101. Differentiation of The Male Genital Tracts and Auxiliary Glands

  1. Introduction: development of the male urogenital system is caused by action of androgenic fetal hormones produced by the fetal testes. They take effect at the end of month 2 as seen by regression of the paramesonephric (m?llerian) structures and differentiation of the mesonephric (wolffian) structures
  2. Development of upper portion of male genital tract: after regression of the mesonephric (wolffian) body, the inguinal ligament inserts at the inferior pole of the testis (above) and in the inguinal region (below), forming the so-called gubernaculum testis. The diaphragmatic ligament disappears
    1. BOTH PARAMESONEPHRIC DUCTS regress completely, in the male, by week 11
      1. The appendix testis persists at the superior pole of each testis, and the utriculus prostaticus (prostate utricle) persists from the early joining of the paramesonephric stays at the back of the urogenital sinus between the mesonephric ducts
    2. THE 2 MESONEPHRIC (WOLFFIAN) DUCTS persist and develop as follows
      1. Their most cranial portion forms the appendix of the epididymis
      2. The segment of the mesonephric duct opposite the testis forms the epididymis or ductus epididymidis, with its cranial end connected to the vasa efferentia
        1. Below the cranial end, the epididymis is highly convoluted and descends along the testis, still receiving mesonephric tubules (ducts of Haller) which do not connect to the rete testis. Below, isolated mesonephric tubules form the paradidymis
      3. Below the testis, the mesonephric ducts acquire a thick investment of smooth muscle and form the ductus deferens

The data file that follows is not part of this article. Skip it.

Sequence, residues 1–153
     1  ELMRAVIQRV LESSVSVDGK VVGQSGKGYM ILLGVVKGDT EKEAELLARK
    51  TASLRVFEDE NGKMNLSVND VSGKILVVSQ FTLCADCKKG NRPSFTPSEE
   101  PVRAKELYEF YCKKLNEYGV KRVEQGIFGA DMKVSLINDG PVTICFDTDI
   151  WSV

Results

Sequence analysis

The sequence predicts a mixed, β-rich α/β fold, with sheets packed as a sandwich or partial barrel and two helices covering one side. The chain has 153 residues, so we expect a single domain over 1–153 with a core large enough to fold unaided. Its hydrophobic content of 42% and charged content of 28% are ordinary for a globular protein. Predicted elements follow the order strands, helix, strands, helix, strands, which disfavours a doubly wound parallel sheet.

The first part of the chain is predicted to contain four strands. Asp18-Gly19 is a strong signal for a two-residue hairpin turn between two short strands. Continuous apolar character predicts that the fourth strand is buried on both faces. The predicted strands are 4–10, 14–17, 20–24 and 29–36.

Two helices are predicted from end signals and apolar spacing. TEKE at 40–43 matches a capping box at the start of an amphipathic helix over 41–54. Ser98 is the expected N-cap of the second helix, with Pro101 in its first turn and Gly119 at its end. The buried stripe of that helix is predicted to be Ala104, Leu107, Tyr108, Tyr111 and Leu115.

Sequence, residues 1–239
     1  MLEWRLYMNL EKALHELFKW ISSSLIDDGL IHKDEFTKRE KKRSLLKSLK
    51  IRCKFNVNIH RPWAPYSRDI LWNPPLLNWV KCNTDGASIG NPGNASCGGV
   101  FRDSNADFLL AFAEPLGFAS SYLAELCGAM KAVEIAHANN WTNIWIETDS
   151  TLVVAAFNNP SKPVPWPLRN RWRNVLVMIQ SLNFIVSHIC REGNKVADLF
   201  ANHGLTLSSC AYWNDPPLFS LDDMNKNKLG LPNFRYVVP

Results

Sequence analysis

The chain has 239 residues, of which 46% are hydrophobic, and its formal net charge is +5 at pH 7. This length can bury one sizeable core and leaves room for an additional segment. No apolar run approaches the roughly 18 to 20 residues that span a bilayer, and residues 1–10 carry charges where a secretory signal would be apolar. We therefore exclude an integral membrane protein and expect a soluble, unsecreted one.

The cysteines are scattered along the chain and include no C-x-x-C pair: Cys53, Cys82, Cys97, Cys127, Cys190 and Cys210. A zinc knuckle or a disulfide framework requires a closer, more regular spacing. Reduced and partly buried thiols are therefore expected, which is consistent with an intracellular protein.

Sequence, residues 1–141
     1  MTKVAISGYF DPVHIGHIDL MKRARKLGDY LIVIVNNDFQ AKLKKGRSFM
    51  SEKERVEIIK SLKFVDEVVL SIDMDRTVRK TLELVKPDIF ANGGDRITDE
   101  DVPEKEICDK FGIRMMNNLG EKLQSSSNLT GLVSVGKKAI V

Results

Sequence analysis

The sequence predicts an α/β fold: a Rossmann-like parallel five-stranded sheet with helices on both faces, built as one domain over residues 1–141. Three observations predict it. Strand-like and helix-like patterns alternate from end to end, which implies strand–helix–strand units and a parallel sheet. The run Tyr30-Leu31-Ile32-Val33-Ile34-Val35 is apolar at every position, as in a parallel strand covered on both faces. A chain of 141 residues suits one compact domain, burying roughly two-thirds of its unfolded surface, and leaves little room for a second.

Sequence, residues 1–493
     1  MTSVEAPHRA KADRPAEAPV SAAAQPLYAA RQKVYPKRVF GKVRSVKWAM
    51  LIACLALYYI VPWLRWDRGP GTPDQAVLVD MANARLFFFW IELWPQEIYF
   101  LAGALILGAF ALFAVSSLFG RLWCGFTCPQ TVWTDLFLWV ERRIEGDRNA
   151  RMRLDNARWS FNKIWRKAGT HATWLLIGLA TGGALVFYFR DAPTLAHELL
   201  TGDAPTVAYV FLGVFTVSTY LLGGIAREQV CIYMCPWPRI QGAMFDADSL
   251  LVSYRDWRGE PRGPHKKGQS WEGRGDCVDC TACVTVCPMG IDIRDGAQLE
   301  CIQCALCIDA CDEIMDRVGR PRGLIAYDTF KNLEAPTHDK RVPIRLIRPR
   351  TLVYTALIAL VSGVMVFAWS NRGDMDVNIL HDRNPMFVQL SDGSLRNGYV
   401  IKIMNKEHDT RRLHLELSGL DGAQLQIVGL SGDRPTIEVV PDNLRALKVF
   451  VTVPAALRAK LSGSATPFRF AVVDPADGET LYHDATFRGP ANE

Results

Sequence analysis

1. As each ductus deferens joins the posterior side of the urogenital sinus, 2 lateral outgrowths form the seminal gland or vesicle
      4. The ductus deferens finally becomes the ejaculatory duct, that duct portion between the seminal vesicle duct and the urethra
      5. The ejaculatory ducts open on the posterior wall of the urogenital sinus on an elevation, called the verumontanum or seminal colliculus
        1. The seminal colliculus, a small elevation in the prostatic urethra, is the remnant of the m?llerian tubercle and is homologous to the hymen
        2. The prostatic utricle, seen between the ejaculatory duct openings, opens on the colliculus in the prostatic urethra and is probably homologous to the vagina
  3. Development of the lower portion of the male genital tract: the urogenital sinus caudal to the union of the mesonephric ducts consists of a vertical pelvic segment and a horizontal phallic segment in the genital tubercle. The latter, after resorption of the urogenital membrane, opens to the exterior. The 2 segments undergo reorganization, from month 3, related to secretion of androgenic hormones
    1. THE PELVIC SEGMENT: epithelial (entodermal) buds begin to detach themselves from the posterior aspect of the urogenital sinus, on both sides of the verumontanum, during month 3. They penetrate the adjacent mesenchyme and form the glandular epithelium of the prostate gland, which usually is well differentiated at 4 months
      1. The prostate eventually encloses the ejaculatory ducts and the prostatic utricle and completely surrounds the prostatic urethral area of the urogenital sinus
        1. The prostatic urethra thus is composed of a cephalic half, between the bladder and verumontanum, which belongs to the urinary region of the urogenital sinus; and a caudal half, between the verumontanum and the cranial part of the pelvic segment of the urogenital sinus
      2. The remaining pelvic segment forms the membranous urethra. The latter is continuous with the phallic segment of the urethra (described under the external organs)
        1. The pea-sized bulbourethral (Cowper's) glands develop from paired entodermal outgrowths from the membranous urethr Adjacent mesenchyme contributes both smooth muscle fibers and stroma

differentiation of the male genital tracts and auxiliary glands: image #1